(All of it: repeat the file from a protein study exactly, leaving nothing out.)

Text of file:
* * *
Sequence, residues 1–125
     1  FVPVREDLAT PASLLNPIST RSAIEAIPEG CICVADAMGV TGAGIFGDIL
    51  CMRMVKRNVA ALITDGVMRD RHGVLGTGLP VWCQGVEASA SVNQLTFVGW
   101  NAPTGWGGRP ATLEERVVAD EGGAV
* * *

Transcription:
Sequence, residues 1–125
     1  FVPVREDLAT PASLLNPIST RSAIEAIPEG CICVADAMGV TGAGIFGDIL
    51  CMRMVKRNVA ALITDGVMRD RHGVLGTGLP VWCQGVEASA SVNQLTFVGW
   101  NAPTGWGGRP ATLEERVVAD EGGAV